WOODBURY — With the return of in-person learning to Nonnewaug — and now the upcoming change back to a typical school day — there have been questions as to how this will affect the arts, including art students and students involved in the drama club.
The drama club has been holding rehearsals using Google Meet and has struggled with blocking each scene and the choreography. In-person rehearsals could return once the full, seven-hour school day resumes March 8.
“I think it will be a change for some of us. It might take a while to get used to and seeing everyone everyday is different from what we are used to,” said junior Jordie Oliveira, the drama club choreographer. “I think it will be a good thing for drama. All of us don’t know each other that well, so this will be good for us.”
In addition to the effect this transition to in-person learning has on drama students, art students are dealing with going back to doing art in school again.
Before winter break, art students had to adjust their classes to be online and had to do art on their own without the help that in-person classes provided them. Students think the return will help improve their artwork.
”I feel that going back is definitely going to benefit my artwork and overall productivity in my classes. I’m hoping that things will all work out and everyone can feel safe in the school environment and be able to work,” senior Emily Betkoski said. “Art is obviously very important to me and I am excited to be in the art room again. Being in person does help me to do more in terms of artwork, but it causes me anxiety knowing that some people may not be taking the virus seriously.”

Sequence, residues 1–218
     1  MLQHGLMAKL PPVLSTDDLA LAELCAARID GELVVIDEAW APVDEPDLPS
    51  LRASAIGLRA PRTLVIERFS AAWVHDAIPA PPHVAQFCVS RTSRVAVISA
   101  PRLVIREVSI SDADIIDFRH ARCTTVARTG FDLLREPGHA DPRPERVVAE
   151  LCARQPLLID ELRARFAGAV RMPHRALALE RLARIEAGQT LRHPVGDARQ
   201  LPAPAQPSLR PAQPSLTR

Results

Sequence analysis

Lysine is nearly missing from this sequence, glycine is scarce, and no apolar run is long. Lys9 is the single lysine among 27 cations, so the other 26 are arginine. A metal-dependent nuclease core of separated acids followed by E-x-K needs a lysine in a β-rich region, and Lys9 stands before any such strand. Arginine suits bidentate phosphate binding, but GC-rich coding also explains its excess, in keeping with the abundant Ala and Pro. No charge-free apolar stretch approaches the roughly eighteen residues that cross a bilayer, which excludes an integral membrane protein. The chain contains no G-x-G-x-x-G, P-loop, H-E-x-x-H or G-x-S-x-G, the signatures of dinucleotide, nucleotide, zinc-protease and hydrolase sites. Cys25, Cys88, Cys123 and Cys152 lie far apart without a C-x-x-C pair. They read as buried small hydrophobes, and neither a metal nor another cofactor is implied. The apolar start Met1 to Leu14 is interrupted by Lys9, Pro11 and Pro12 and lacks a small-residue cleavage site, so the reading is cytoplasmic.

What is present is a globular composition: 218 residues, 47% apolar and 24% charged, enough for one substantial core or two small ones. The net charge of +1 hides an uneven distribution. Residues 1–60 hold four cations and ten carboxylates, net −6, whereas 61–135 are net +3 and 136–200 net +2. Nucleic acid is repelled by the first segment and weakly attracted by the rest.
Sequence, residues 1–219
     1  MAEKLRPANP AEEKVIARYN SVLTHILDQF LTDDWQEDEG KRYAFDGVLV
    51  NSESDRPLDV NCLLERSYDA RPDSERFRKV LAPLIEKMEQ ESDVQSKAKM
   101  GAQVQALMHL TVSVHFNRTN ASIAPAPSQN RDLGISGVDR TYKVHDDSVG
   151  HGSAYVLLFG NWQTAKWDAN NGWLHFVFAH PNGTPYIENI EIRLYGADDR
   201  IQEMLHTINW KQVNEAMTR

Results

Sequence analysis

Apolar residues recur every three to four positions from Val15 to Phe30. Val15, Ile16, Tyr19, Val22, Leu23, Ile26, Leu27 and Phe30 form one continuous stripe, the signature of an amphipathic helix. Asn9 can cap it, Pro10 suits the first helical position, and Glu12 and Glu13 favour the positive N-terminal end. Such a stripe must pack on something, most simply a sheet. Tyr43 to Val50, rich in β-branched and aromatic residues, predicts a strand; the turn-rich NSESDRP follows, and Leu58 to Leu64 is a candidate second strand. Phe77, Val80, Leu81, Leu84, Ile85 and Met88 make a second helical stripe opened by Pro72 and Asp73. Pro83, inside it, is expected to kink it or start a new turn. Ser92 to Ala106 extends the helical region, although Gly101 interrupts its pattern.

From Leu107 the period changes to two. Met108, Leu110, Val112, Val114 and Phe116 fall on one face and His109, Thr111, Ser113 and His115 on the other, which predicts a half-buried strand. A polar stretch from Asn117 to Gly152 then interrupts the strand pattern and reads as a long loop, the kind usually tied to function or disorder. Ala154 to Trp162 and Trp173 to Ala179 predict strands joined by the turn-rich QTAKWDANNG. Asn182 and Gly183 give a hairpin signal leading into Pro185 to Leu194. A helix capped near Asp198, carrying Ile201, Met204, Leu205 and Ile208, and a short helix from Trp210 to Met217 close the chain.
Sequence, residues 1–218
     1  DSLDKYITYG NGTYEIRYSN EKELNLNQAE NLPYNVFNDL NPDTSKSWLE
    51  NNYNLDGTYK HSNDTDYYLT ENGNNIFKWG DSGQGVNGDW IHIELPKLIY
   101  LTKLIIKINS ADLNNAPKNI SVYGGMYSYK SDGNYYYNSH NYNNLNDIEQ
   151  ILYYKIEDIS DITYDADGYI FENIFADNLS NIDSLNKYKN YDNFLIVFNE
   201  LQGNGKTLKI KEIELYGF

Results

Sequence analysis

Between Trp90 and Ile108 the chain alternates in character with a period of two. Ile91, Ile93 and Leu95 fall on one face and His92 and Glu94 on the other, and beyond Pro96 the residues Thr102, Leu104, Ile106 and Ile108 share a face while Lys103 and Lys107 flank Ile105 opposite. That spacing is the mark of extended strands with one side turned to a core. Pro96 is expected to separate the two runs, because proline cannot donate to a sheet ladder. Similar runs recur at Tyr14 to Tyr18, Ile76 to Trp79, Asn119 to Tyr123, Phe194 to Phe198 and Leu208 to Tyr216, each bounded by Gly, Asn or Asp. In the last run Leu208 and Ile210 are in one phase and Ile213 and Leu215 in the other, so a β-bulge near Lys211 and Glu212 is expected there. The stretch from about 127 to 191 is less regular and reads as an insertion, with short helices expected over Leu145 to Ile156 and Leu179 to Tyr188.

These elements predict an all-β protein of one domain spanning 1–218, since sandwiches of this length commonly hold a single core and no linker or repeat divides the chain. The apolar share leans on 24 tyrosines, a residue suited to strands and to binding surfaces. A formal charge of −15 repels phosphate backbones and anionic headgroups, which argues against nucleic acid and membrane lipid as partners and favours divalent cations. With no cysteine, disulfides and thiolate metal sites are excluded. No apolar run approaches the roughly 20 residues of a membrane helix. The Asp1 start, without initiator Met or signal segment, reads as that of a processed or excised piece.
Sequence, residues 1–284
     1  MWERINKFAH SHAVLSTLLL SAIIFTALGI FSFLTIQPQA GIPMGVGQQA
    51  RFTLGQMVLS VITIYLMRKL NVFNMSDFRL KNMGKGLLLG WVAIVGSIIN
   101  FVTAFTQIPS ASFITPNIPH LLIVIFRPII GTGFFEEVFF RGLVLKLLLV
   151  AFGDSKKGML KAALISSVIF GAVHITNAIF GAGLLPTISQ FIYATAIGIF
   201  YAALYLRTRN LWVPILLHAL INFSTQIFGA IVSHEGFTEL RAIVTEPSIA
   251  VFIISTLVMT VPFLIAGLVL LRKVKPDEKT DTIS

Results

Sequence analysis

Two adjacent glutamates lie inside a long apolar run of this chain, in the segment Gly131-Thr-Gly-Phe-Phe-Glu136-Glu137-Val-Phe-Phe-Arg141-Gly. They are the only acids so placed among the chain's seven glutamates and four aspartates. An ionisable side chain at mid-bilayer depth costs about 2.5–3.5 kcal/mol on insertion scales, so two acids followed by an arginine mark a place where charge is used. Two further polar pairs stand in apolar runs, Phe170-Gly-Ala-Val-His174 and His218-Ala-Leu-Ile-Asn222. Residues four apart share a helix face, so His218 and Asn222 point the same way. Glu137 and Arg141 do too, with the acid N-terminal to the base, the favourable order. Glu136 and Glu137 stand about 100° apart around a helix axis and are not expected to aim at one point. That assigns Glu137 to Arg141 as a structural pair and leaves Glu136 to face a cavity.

Not only has this transition back to school affected students educationally, but it’s also impacted their emotional well-being. Students became accustomed to online classes and have dealt with the transition back to in-person classes, which can add stress.
Some students are excited about returning to the in-person model full-time.
“I personally think I will be so much happier and overall better being in person. With drama it will be easier to teach the choreography and block,” said Oliveira.
However, other students feel differently.
“I personally feel like it isn’t the time to go back to school; with cases rising and people not taking it seriously, it just doesn’t feel safe to me,” Betkoski said in January. “I am, however, hopeful because I know that being isolated is bad for many people’s mental health and coming into school may be beneficial for some of the students and staff.”
The transition and choice to go back to in-person learning will change a lot for students, but overall, it depends on each student as to whether this transition will be beneficial or not and if it will impact their classes and work, including other clubs and activities.